Which Joe gave his name to ‘sloppy joes’? We look at five interesting sandwiches and their lexical origins.
- ‘Medieval map-makers began to fill in some detail.’
- ‘Nineteenth century map-makers had a feeling there was something more to the area when they spotted the remains of Iron Age earthworks during an Ordnance Survey expedition.’
- ‘It was spearheaded by map-makers and printers, who, in the rudest form, just placed number spaces over maps they had previously published.’
- ‘Since map-makers started to colour maps, to show political regions such as different countries, they have known that you only ever need four colours.’
- ‘Today, the mapping agency is peddling special incentives for map-makers who leave their cars at home.’
- ‘Before the advent of modern technology, map-makers of yesteryears were only armed with the spirit of adventure and the ability to apply trigonometry.’
- ‘Early map-makers were happy to leave blanks for terra incognita or to stock those empty spaces with headless cannibals, giant monopeds, Amazons and dragons.’
- ‘We do know a bit about several of the map-makers who were involved in the Ulster Plantation.’
- ‘The southern quarter of this long, impossibly slim country must be a map-maker's nightmare - a cobweb of water courses with no roads, meaning river- and fjord-crossings are often treacherous.’
- ‘He then became a map-maker, but, standing up to his waist in a snowdrift on Rhode Island a few years later, realised that indoor work had certain attractions.’
- ‘His French father, who explored much of this area as a geologist, was also a scrupulous map-maker.’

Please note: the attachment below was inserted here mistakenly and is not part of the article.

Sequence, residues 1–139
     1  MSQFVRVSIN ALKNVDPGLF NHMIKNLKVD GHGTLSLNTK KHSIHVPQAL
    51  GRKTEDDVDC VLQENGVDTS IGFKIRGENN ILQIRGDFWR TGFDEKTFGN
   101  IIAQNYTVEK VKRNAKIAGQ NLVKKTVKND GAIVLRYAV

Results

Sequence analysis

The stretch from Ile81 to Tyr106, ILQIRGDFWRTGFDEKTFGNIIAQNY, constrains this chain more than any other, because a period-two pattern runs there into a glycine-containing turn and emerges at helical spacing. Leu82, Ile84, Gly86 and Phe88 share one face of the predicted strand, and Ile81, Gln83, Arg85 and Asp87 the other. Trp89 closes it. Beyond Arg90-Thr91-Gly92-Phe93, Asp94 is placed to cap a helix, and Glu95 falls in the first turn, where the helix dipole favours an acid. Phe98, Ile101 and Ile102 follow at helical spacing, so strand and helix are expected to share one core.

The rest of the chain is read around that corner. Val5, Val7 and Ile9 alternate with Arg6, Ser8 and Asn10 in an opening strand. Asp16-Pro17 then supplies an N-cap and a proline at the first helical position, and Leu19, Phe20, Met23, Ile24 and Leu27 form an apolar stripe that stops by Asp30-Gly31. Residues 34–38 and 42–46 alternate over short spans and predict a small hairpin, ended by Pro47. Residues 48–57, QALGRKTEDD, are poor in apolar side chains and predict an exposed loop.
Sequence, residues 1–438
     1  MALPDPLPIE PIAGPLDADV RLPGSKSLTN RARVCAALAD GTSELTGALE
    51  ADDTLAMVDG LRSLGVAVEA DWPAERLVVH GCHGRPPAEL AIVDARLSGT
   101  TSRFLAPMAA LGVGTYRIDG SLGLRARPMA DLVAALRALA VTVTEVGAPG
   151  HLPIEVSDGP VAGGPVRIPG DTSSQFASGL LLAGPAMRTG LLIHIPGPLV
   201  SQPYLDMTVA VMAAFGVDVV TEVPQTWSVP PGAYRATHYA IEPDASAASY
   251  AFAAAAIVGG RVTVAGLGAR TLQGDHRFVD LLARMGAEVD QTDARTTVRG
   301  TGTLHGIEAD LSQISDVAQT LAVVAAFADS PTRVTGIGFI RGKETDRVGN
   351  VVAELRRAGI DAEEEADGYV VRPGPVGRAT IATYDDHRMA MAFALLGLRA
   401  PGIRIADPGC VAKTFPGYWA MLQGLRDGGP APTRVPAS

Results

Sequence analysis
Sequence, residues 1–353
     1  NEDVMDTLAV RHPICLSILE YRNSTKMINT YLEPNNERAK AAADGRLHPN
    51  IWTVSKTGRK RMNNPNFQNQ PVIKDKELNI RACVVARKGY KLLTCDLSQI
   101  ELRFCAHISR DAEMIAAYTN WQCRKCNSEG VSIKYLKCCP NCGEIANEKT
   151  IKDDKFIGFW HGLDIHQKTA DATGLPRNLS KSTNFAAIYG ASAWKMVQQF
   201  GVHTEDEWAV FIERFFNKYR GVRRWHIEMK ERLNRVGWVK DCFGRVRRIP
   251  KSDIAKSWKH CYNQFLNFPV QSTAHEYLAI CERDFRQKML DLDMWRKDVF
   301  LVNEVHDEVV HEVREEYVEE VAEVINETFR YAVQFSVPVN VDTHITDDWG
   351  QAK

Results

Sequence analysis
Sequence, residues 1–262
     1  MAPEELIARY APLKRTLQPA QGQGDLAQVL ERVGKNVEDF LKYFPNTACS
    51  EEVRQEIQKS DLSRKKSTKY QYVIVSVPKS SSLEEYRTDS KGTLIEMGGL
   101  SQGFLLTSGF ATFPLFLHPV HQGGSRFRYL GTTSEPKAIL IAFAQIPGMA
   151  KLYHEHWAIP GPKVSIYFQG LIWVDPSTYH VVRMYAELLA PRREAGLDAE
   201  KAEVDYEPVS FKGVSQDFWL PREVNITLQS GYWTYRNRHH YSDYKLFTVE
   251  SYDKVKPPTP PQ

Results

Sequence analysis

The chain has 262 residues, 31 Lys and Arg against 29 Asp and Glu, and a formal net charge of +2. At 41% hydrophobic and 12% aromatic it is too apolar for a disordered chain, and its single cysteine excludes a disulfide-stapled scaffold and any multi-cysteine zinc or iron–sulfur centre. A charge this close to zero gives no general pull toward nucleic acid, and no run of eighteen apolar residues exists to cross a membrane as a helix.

- ‘Where colonial constructions force disparate peoples together by the arbitrariness of a colonial map-maker's pen, nationhood becomes an elusive notion.’
- ‘Consequently, for centuries map-makers have worried about simultaneity and how to determine it.’
- ‘Historians and map-makers ignored many of his achievements, grudgingly acknowledged those they could not completely disregard and brazenly attributed his most important discoveries to others.’
- ‘It's rather like someone announcing there's a country the map-makers have overlooked.’
- ‘In England, these Australian map-makers did not pass completely unnoticed.’
- ‘You consider yourself more of an artist than a map-maker, and so when you're assigned to map the coast near the remote island of Fetch Rock, you figure it's a punishment and a way to get you out of sight rather than any sort of needed task.’
- ‘A Scots academic is to make his third attempt to follow in the footsteps of an explorer whose skills as a map-maker helped open up the African continent to generations of European adventurers.’
- ‘For these, and some other, related reasons, the Late Cretaceous is a particularly tricky time for map-makers trying to draw coastlines.’
- ‘These included photographers, journalists, academics and researchers, Ordnance Survey map-makers and statisticians at the UK Census bureau.’
We take a look at several popular, though confusing, punctuation marks.
From Afghanistan to Zimbabwe, discover surprising and intriguing language facts from around the globe.
The definitions of ‘buddy’ and ‘bro’ in the OED have recently been revised. We explore their history and increase in popularity.